What are the treatment options for hydronephrosis?

After considering the nature and cause of the hydronephrosis, doctors will decide between recommending observation or surgery.

Fetal intervention

In very rare instances, prenatal hydronephrosis is so severe that it puts the fetus at risk. This usually means the obstruction is in the child's urethra, blocking drainage of the bladder and both kidneys. In turn, this results in a dangerously low amount of amniotic fluid (a condition called oligohydramnios).


If postnatal testing shows your child has mild to moderate hydronephrosis, your doctor may recommend allowing time for the condition to correct itself on its own. Your child may receive a low dose of antibiotics to prevent infection. Repeat ultrasounds will let us check for improvement.

Observation has become the accepted method of treatment in children with mild hydronephrosis. Even in children with moderate hydronephrosis, if kidney function is not lost and kidneys are growing well, observation can allow the condition to correct itself.


Only in severe cases would surgery be needed. The goal of the operation is to reduce the swelling and pressure in the kidney by restoring the free flow of urine.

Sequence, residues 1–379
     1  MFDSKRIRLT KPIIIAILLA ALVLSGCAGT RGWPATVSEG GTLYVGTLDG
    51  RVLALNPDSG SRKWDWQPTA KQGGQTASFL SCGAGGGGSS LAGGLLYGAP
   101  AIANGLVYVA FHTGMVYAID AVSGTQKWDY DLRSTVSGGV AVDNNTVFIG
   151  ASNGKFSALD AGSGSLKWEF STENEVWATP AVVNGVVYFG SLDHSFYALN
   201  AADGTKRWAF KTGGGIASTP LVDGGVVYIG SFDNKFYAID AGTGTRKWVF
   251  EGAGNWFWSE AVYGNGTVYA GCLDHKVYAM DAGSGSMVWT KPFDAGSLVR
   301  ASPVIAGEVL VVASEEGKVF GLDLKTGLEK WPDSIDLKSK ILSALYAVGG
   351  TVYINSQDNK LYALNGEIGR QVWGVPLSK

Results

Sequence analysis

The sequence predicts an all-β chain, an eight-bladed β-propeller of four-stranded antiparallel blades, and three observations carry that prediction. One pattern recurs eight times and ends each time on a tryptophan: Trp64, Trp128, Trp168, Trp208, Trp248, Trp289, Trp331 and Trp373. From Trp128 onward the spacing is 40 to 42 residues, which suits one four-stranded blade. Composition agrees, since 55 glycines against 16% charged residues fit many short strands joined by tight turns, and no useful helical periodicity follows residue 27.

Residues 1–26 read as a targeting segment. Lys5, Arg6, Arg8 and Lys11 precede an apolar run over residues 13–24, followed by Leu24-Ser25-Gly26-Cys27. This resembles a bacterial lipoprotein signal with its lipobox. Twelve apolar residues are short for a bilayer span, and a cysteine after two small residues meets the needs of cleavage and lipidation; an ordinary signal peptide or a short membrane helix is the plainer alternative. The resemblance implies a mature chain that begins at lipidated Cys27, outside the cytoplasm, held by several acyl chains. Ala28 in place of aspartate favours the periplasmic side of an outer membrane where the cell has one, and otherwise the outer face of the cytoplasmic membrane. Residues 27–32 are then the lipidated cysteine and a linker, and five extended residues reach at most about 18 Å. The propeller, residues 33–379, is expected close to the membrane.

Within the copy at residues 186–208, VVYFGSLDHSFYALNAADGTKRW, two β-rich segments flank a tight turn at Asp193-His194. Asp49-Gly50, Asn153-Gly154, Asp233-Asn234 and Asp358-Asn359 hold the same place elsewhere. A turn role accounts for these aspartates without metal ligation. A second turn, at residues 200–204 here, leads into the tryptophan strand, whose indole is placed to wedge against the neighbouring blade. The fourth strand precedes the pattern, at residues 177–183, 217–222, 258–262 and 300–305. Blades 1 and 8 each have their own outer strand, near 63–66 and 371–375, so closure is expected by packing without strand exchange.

The most common surgical procedure is pyeloplasty. This repairs the most common type of blockage that causes hydronephrosis: ureteropelvic junction obstruction (UPJ). In pyeloplasty, the surgeon will remove the narrowed or obstructed part of the ureter. Then, the healthy portion is reconnected to the kidney's drainage system. After open surgery (small incision over the kidney), children usually stay in the hospital for about two to three days. They heal in two to three weeks. The success rate is about 95 percent. 

Other surgical treatments may be recommended for your child, depending on what's causing the hydronephrosis and how severe it is. To learn more about these, see: ureteropelvic junction obstruction, vesicoureteral reflux, posterior urethral valves, and ureteroceles.

Robot-assisted and minimally invasive surgery

This innovative tool is used for about half of the pyeloplasties performed by our urological team.

A robot-assisted pyeloplasty is a minimally invasive laparoscopic procedure. With the use of a tiny camera, surgeons operate using very thin instruments inserted into three or four small incisions. Robot-assisted pyeloplasty removes an obstructed section of the ureter and reattaches the healthy portion to the kidney's drainage system.

Robotic surgery can offer a number of benefits as compared to traditional (open) surgery, including:

  • less discomfort after the operation
  • smaller scars on the belly
  • a shorter hospital stay — usually 24 to 48 hours
  • quicker recovery
  • earlier return to full activities

Even if pyeloplasty is recommended for your child, a robot-assisted procedure may or may not be suitable. Your doctor will recommend the best options for your child.